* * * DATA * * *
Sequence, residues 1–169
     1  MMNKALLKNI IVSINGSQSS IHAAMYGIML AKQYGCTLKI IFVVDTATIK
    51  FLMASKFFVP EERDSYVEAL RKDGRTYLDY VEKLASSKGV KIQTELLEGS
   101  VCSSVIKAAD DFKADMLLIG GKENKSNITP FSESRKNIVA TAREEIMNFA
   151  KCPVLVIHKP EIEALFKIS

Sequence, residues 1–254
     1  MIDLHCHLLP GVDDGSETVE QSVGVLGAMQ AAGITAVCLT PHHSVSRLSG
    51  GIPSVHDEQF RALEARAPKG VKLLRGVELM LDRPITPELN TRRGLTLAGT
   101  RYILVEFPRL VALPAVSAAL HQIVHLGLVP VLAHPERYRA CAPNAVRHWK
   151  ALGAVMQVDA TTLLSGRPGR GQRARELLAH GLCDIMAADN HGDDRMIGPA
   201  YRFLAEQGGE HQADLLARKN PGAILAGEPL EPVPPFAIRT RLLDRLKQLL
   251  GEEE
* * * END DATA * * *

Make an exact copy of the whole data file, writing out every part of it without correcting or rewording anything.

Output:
Sequence, residues 1–169
     1  MMNKALLKNI IVSINGSQSS IHAAMYGIML AKQYGCTLKI IFVVDTATIK
    51  FLMASKFFVP EERDSYVEAL RKDGRTYLDY VEKLASSKGV KIQTELLEGS
   101  VCSSVIKAAD DFKADMLLIG GKENKSNITP FSESRKNIVA TAREEIMNFA
   151  KCPVLVIHKP EIEALFKIS

Sequence, residues 1–254
     1  MIDLHCHLLP GVDDGSETVE QSVGVLGAMQ AAGITAVCLT PHHSVSRLSG
    51  GIPSVHDEQF RALEARAPKG VKLLRGVELM LDRPITPELN TRRGLTLAGT
   101  RYILVEFPRL VALPAVSAAL HQIVHLGLVP VLAHPERYRA CAPNAVRHWK
   151  ALGAVMQVDA TTLLSGRPGR GQRARELLAH GLCDIMAADN HGDDRMIGPA
   201  YRFLAEQGGE HQADLLARKN PGAILAGEPL EPVPPFAIRT RLLDRLKQLL
   251  GEEE